We have all lost something precious when they die.

Source: The Council Bluffs Nonpareil, Council Bluffs, Wednesday, April 29, 1944, Page 4

DECLARED DEAD

Pvt. Francis Bird, 20, reported missing, is now reported killed in action at Bougainville.

Source: The Council Bluffs Nonpareil, Council Bluffs, Sunday, April 30, 1944, Page 3

RETURN BODIES OF FOUR COUNTY MEN
110 Iowa War Dead in Pacific Shipment

Bodies of four Pottawattamie county soldiers, including Pfc. Louis A. Profeda, former Abraham Lincoln high school football captain, are being returned from the Pacific aboard the army transport Lieutenant George W. G. Boyce, the department of the army announced Monday.

Others from this county are Pfc. Francis Dale Bird of Council Bluffs, Pfc. Clarence R. King of Carson and Pfc. Herman E. Staub of Avoca.

A total of 110 Iowa bodies are on the Boyce, which is carrying remains of 4,459 Americans who lost their lives in the Pacific campaigns. The ship is enroute to San Francisco from Manila.

Killed at Bougainville

Pfc. Bird, son of Mrs. Mary A. Bird, 2753 Seventh avenue, was killed in action on Bougainville on March 17, 1944, just a year and a month after he entered the army.

Born at Oakland, Pfc. Bird lived all his life in Pottawattamie county. Before entering the army on Feb. 17, 1943, he was employed by the Pullman company.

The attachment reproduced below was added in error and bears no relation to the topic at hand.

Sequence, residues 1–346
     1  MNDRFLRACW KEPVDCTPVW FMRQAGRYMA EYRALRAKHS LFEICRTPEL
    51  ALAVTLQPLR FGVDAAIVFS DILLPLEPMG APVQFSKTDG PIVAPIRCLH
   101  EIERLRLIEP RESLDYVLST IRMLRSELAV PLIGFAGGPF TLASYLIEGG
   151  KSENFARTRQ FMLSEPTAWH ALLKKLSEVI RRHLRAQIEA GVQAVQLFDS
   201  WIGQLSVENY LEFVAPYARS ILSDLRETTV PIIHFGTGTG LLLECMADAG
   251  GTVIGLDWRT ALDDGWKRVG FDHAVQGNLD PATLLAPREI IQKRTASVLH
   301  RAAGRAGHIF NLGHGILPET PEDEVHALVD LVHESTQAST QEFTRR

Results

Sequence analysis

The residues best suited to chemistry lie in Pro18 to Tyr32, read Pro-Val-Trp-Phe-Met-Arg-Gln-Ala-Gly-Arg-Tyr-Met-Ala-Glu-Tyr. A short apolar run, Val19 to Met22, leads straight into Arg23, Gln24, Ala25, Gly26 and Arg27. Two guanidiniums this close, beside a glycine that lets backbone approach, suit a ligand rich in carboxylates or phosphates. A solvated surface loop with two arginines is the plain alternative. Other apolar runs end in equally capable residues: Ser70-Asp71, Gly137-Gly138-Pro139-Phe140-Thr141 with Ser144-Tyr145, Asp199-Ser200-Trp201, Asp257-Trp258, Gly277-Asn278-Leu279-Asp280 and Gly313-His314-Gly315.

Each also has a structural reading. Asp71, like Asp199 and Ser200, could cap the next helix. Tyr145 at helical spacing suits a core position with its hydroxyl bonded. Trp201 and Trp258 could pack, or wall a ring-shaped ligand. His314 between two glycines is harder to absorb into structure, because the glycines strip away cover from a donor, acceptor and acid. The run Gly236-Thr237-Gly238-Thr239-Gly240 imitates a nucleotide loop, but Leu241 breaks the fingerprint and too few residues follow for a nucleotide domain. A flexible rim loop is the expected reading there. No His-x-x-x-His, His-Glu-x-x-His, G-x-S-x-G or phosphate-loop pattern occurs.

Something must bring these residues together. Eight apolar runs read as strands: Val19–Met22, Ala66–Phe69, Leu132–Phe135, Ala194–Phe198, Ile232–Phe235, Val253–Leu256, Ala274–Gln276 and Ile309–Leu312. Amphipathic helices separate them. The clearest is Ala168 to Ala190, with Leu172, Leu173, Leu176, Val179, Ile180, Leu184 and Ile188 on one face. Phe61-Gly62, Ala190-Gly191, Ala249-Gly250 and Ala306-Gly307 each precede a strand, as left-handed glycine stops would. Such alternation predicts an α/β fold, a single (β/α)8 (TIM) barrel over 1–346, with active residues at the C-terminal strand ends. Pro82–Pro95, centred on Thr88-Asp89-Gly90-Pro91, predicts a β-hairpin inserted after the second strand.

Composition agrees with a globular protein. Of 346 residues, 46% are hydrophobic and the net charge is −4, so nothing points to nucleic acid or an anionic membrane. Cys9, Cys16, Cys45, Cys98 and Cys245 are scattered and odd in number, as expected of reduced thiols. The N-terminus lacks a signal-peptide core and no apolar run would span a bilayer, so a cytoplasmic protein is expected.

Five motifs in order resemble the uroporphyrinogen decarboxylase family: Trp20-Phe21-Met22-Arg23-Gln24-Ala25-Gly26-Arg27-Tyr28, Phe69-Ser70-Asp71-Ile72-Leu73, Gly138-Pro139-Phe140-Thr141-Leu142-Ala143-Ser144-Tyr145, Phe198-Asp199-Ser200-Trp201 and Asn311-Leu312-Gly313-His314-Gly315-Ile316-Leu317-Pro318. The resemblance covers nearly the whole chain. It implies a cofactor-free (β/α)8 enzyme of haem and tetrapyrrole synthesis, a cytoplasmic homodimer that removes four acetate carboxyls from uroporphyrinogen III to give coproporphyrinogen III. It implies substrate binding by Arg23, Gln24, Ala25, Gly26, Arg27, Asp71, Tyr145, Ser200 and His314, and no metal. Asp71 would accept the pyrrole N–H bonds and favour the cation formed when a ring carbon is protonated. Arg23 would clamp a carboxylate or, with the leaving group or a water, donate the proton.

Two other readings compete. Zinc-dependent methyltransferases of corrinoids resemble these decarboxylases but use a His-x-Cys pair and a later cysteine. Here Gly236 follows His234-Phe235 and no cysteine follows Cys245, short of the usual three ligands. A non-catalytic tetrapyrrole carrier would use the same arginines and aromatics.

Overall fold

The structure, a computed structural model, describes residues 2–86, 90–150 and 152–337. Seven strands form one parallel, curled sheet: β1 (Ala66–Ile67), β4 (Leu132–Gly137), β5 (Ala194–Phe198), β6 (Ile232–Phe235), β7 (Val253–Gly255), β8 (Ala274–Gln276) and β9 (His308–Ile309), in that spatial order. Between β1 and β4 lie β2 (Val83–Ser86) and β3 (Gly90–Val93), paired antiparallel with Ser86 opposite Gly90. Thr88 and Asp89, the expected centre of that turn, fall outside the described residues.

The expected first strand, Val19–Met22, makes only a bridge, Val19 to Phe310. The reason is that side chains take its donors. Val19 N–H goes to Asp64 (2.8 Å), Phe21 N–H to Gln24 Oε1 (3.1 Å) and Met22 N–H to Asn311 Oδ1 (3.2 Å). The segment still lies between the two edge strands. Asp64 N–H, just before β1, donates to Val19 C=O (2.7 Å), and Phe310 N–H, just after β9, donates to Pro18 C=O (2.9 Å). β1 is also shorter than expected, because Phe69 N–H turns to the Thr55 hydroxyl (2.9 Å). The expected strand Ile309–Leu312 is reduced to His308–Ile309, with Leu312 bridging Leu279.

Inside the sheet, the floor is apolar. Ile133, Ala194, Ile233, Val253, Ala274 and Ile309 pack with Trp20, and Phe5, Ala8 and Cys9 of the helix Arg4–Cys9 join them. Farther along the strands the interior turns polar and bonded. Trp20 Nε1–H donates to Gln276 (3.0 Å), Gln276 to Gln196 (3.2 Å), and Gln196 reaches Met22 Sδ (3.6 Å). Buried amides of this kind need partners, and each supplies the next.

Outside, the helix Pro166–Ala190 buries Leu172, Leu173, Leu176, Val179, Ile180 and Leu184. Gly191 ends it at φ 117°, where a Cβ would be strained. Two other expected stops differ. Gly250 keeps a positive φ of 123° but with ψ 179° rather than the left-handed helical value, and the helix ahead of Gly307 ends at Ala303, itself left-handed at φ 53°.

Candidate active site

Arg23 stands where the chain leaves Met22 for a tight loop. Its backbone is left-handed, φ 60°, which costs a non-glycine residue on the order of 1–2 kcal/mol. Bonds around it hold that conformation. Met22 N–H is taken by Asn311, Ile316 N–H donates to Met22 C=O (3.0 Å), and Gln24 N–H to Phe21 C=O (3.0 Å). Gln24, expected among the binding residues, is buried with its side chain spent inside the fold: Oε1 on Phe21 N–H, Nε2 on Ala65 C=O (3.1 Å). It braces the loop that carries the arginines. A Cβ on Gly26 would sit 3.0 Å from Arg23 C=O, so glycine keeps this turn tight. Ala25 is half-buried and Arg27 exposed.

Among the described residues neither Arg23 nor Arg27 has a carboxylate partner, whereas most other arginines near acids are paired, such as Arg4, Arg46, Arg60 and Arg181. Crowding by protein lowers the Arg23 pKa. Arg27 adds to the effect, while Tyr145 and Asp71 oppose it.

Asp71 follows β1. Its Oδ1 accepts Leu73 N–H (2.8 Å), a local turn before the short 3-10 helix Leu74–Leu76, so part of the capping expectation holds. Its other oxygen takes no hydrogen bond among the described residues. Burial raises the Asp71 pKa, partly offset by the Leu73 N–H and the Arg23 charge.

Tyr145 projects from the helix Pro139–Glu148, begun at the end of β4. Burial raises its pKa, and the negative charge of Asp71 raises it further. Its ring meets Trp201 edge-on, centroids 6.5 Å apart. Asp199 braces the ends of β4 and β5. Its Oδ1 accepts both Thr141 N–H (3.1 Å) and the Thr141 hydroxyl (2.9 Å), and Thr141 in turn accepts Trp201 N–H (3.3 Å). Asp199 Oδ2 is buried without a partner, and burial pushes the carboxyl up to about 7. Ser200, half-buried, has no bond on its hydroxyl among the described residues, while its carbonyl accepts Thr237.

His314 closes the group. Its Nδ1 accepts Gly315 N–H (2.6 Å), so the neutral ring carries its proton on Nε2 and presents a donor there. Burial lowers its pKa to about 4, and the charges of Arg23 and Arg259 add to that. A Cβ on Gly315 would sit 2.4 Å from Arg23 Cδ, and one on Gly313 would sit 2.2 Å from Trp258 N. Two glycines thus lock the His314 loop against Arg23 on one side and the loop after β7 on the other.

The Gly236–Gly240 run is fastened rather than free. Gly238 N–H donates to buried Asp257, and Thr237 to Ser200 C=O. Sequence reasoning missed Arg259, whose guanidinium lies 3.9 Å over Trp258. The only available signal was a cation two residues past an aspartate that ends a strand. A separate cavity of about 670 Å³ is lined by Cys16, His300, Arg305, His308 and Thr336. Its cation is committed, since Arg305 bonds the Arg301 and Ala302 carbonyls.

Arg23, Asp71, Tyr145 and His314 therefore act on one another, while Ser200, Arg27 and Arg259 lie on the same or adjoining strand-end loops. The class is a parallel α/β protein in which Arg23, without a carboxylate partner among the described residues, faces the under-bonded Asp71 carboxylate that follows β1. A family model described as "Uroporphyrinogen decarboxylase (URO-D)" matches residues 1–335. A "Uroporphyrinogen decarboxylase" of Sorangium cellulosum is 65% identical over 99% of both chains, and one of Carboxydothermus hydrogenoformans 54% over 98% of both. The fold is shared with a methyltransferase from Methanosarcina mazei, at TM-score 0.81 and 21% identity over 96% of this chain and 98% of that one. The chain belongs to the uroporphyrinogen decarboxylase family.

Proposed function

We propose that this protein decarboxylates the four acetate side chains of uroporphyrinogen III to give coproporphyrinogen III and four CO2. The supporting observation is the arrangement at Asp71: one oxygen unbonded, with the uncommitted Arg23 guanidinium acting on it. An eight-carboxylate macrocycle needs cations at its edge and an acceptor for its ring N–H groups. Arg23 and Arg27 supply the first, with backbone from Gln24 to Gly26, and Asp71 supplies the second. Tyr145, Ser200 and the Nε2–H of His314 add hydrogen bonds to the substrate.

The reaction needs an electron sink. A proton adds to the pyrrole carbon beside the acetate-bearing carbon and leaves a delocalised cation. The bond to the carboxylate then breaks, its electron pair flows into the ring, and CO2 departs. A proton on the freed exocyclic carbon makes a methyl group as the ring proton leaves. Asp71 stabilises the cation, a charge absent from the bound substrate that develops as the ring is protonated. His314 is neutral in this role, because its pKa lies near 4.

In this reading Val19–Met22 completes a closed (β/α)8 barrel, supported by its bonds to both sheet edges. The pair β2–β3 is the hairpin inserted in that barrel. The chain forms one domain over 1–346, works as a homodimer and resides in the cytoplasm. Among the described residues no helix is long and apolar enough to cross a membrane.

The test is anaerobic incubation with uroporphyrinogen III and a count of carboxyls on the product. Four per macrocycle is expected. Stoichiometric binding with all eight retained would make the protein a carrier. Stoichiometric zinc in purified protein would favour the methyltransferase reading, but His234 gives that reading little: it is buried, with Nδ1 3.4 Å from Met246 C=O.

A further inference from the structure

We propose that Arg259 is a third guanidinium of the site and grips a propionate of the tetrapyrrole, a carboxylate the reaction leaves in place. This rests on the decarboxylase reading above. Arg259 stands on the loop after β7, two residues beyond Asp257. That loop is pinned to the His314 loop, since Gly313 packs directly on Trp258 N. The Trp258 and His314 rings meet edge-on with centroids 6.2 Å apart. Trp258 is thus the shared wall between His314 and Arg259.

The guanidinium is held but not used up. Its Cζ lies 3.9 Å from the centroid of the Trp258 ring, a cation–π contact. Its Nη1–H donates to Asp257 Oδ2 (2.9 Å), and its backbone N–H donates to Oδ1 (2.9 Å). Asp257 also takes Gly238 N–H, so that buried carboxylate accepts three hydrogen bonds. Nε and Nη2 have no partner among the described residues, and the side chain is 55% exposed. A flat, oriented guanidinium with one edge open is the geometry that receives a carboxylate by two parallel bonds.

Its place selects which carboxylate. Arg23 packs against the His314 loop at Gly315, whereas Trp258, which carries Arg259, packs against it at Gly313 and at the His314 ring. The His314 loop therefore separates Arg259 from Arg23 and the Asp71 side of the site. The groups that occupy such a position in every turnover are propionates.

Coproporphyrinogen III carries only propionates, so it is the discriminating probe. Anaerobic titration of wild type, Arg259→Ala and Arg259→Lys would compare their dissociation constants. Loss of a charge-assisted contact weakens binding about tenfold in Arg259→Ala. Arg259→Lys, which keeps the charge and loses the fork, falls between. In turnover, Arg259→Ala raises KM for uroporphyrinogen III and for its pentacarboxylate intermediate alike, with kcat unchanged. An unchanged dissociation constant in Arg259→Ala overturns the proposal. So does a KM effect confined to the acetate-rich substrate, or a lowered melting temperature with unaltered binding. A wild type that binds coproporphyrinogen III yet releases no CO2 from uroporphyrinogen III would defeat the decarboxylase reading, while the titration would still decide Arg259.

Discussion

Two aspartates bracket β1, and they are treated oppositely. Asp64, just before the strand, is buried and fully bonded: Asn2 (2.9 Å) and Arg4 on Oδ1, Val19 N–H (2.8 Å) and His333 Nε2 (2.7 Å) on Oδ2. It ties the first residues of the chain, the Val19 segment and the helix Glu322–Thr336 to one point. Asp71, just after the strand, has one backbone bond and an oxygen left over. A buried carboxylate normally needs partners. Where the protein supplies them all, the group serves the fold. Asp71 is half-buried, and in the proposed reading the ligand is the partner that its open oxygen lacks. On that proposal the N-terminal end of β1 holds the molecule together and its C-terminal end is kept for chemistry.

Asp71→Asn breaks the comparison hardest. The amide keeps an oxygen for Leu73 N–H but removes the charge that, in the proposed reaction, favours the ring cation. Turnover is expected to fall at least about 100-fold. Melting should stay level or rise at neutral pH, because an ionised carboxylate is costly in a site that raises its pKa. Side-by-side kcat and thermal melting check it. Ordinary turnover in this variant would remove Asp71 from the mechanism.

Surviving besides his mother are two brothers, Leslie and Charlie, both of Council Bluffs; and three sisters, Mrs. Eva Blackman of Mapleton, Mrs. June Price and Mrs. Dora Adkins, both of Council Bluffs.

Source: The Council Bluffs Nonpareil, Council Bluffs, Sunday, May 30, 1948, Page 3

Obituaries
PVT. FRANCIS D. BIRD

The body of Pvt. Francis Dale Bird, 20, 2753 Seventh avenue, killed in action in the Bougainville campaign, March 17, 1944, will arrive in Council Bluffs Tuesday evening and be taken to Woodring’s funeral home.

Pvt. Bird was born at Oakland, and resided in Council Bluffs at the time of his induction in February 1943.

Surviving are his mother, Mrs. Mary Ann Bird, two brothers, Leslie and Charles, all of Council Bluffs; three sisters, Mrs. Evelyn Blackford of Mapleton, Mrs. Dora Atkins and Mrs. June Price of Council Bluffs.

Funeral will be Thursday at 2 p.m. at Woodring’s chapel with Veterans of Foreign Wars post No. 737 in charge. Burial will be in Cedar Lawn cemetery.

Source: The Council Bluffs Nonpareil, Council Bluffs, Tuesday, June 29, 1948, Page 6 (photo included)

TO ATTEND FUNERAL

Members of the VFW auxiliary will meet Thursday at 1:30 p.m. at Woodring’s funeral home to attend services for Pvt. Francis D. Bird, son of Mrs. Mary Ann Bird. Members are to wear caps.

Death Notices

MILITARY RITES
BIRD, Pvt. Francis D., age 20, killed in action on Bougainville in 1942.
Military rites Thursday, 2 p.m. at Woodring’s chapel and at Cedar Lawn cemetery with V.F.W. post No. 737 in charge. The body is at the Woodring funeral home.

Source: The Council Bluffs Nonpareil, Council Bluffs, Tuesday, June 29, 1948, Pages 6 & 18